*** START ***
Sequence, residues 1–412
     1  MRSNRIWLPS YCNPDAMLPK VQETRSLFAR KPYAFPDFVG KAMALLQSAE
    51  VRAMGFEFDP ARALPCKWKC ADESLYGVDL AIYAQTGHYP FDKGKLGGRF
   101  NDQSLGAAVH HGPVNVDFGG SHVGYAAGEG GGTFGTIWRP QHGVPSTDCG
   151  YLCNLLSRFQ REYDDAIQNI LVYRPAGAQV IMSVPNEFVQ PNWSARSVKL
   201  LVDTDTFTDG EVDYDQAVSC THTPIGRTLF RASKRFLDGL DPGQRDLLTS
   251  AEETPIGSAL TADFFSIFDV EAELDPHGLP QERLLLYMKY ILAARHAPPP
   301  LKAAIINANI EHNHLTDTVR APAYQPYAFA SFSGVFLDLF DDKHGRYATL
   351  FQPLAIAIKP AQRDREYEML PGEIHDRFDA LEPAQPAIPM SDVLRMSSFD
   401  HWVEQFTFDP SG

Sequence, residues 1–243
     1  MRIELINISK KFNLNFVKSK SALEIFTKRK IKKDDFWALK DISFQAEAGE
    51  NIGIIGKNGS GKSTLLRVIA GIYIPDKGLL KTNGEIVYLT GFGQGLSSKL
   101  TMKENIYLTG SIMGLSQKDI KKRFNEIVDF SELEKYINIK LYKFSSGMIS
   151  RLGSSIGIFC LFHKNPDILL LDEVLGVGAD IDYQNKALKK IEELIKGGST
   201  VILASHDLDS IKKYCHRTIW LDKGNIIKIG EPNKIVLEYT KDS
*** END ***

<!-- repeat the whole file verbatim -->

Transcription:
Sequence, residues 1–412
     1  MRSNRIWLPS YCNPDAMLPK VQETRSLFAR KPYAFPDFVG KAMALLQSAE
    51  VRAMGFEFDP ARALPCKWKC ADESLYGVDL AIYAQTGHYP FDKGKLGGRF
   101  NDQSLGAAVH HGPVNVDFGG SHVGYAAGEG GGTFGTIWRP QHGVPSTDCG
   151  YLCNLLSRFQ REYDDAIQNI LVYRPAGAQV IMSVPNEFVQ PNWSARSVKL
   201  LVDTDTFTDG EVDYDQAVSC THTPIGRTLF RASKRFLDGL DPGQRDLLTS
   251  AEETPIGSAL TADFFSIFDV EAELDPHGLP QERLLLYMKY ILAARHAPPP
   301  LKAAIINANI EHNHLTDTVR APAYQPYAFA SFSGVFLDLF DDKHGRYATL
   351  FQPLAIAIKP AQRDREYEML PGEIHDRFDA LEPAQPAIPM SDVLRMSSFD
   401  HWVEQFTFDP SG

Sequence, residues 1–243
     1  MRIELINISK KFNLNFVKSK SALEIFTKRK IKKDDFWALK DISFQAEAGE
    51  NIGIIGKNGS GKSTLLRVIA GIYIPDKGLL KTNGEIVYLT GFGQGLSSKL
   101  TMKENIYLTG SIMGLSQKDI KKRFNEIVDF SELEKYINIK LYKFSSGMIS
   151  RLGSSIGIFC LFHKNPDILL LDEVLGVGAD IDYQNKALKK IEELIKGGST
   201  VILASHDLDS IKKYCHRTIW LDKGNIIKIG EPNKIVLEYT KDS